While mostly muddying the legal issue of spousal support, the Supreme Court's recent non-decision in Bracklow vs Bracklow has further tipped the balance in favour of women.
Smith, Adam
Wealth of Nations - Book 1 - Chapter 01-04

Of the Division of Labour, Of the Principle Which Gives Occasion to the Division of Labour, That the Division of Labour is Limited by the Extent of the Market, Of the Origin and Use of Money
Wealth of Nations - Book 1 - Chapter 05-06

Of the Real and Nominal Price of Commodities, or of Their Price in Labour, and Their Price in Money, Of the Component Parts of the Price of Commodities
Wealth of Nations - Book 1 - Chapter 07

Of the Natural and Market Price of Commodities
Wealth of Nations - Book 1 - Chapter 08

Of the Wages of Labour



Wealth of Nations - Book 1 - Chapter 09

Of the Profit of Stock
Wealth of Nations - Book 1 - Chapter 10 - Part 1

Of Wages and Profit in the Different Employments of Labour and Stock, Part 1
Wealth of Nations - Book 1 - Chapter 10 - Part 2

Of Wages and Profit in the Different Employments of Labour and Stock, Part 2
Wealth of Nations - Book 1 - Chapter 11 - Part 1

Of the Rent of Land, Part 1, Of the Produce of Land Which Always Affords Rent
Wealth of Nations - Book 1 - Chapter 11 - Part 2

Of the Rent of Land, Part 2, Of the Produce of Land Which Sometimes Does and Sometimes Does Not, Afford Rent
Wealth of Nations - Book 1 - Chapter 11 - Part 3

Of the Rent of Land, Part 3, Of the Variations in the Proportion Between the Respective Values of That Sort of Produce Which Always Affords Rent, and of That Which Sometimes Does and Sometimes Does Not Afford Rent
Wealth of Nations - Book 1 - Chapter 11 - Part 3 (cont'd)

Of the Rent of Land, Part 3, Of the Variations in the Proportion Between the Respective Values of That Sort of Produce Which Always Affords Rent, and of That Which Sometimes Does and Sometimes Does Not Afford Rent (continued)
Solberg, Monte  
The Psychology of Big Government

The support of some Canadians for big government arises from their misunderstandings of history, justice, economics, and human nature.
Solzhenitsyn, Alexander
A World Split Apart

Commencement address delivered at Harvard University. Originally reprinted from A World Split Apart (Harper & Row Publishers, New York, 1978). Reprinted by permission from: Media House International, P.O. Box 362173, Melbourne FL 32936-2173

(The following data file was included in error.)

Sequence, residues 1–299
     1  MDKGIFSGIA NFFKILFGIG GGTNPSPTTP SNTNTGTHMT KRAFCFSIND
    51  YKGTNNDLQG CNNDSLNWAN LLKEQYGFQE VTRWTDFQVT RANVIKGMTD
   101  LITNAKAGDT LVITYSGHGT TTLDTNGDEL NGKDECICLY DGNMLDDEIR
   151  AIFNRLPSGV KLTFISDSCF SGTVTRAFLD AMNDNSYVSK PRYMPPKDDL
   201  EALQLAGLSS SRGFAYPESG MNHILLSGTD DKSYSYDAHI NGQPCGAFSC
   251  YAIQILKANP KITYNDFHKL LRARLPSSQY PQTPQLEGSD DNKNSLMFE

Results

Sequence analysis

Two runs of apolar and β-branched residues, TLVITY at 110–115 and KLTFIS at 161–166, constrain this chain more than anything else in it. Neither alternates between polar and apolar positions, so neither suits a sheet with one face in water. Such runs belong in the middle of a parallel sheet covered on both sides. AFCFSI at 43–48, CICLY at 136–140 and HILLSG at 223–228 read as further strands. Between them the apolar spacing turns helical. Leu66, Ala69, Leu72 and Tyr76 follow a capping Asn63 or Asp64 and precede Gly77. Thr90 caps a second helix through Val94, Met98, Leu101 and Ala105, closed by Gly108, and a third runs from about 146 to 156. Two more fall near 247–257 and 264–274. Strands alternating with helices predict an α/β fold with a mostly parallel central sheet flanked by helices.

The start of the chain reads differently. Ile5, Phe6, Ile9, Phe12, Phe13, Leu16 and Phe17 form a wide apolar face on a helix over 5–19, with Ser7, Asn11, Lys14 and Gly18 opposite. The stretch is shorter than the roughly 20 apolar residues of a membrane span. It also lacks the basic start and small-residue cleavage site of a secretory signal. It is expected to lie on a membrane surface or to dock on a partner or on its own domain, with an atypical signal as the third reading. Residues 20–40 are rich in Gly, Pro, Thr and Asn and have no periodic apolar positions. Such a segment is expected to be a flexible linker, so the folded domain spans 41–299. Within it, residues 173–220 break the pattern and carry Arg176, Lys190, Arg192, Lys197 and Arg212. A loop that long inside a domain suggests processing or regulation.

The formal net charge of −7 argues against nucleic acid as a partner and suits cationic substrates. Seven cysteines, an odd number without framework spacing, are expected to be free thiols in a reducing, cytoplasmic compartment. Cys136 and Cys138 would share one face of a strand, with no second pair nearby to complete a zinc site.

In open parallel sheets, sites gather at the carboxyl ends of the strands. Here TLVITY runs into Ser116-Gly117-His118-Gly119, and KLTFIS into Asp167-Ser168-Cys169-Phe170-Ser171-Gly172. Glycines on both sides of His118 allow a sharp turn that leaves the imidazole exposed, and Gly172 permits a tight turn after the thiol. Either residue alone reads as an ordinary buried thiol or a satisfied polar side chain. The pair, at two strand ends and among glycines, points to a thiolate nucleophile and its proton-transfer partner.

Sommers, Christina Hoff
Teaching the Virtues

Originally published in Imprimis, the monthly journal of Hillsdale College. Subscriptions free upon request. Imprimis, Hillsdale College, Hillsdale, MI 49242. Reprinted by permission from: Media House International, P.O. Box 362173, Melbourne FL 32936-2173.



Spooner, Lysander
An Essay On Trial By Jury

Vices Are Not Crimes - Parts 1 to 17

A Vindication Of Moral Liberty
Vices Are Not Crimes - Parts 18 to 22

A Vindication Of Moral Liberty
Stephen, James Fitzjames
Liberty, Equality, Fraternity - Chapter 1

The Doctrine of Liberty in General - part of Sir Stephen's classic antithesis to John Stuart Mills' On Liberty
Liberty, Equality, Fraternity - Chapter 2 - Part 1

The Liberty of Thought and Discussion - part of Sir Stephen's classic antithesis to John Stuart Mills' On Liberty Part 2 of this chapter
Liberty, Equality, Fraternity - Chapter 2 - Part 2

The Liberty of Thought and Discussion - part of Sir Stephen's classic antithesis to John Stuart Mills' On Liberty Part 1 of this chapter
Liberty, Equality, Fraternity - Chapter 3

On the Distinction Between the Temporal and Spiritual Power - part of Sir Stephen's classic antithesis to John Stuart Mills' On Liberty
Liberty, Equality, Fraternity - Chapter 4 - Part 1

The Doctrine of Liberty in Its Application to Morals - part of Sir Stephen's classic antithesis to John Stuart Mills' On Liberty Part 2 of this chapter
Liberty, Equality, Fraternity - Chapter 4 - Part 2

The Doctrine of Liberty in Its Application to Morals - part of Sir Stephen's classic antithesis to John Stuart Mills' On Liberty Part 1 of this chapter
Stevenson, Robert Louis
The Day After Tomorrow

Originally published in Contemporary Review



Sturgis, Dr. Amy
The Rise, Decline, And Reemergence Of Classical Liberalism - Part 1 of 2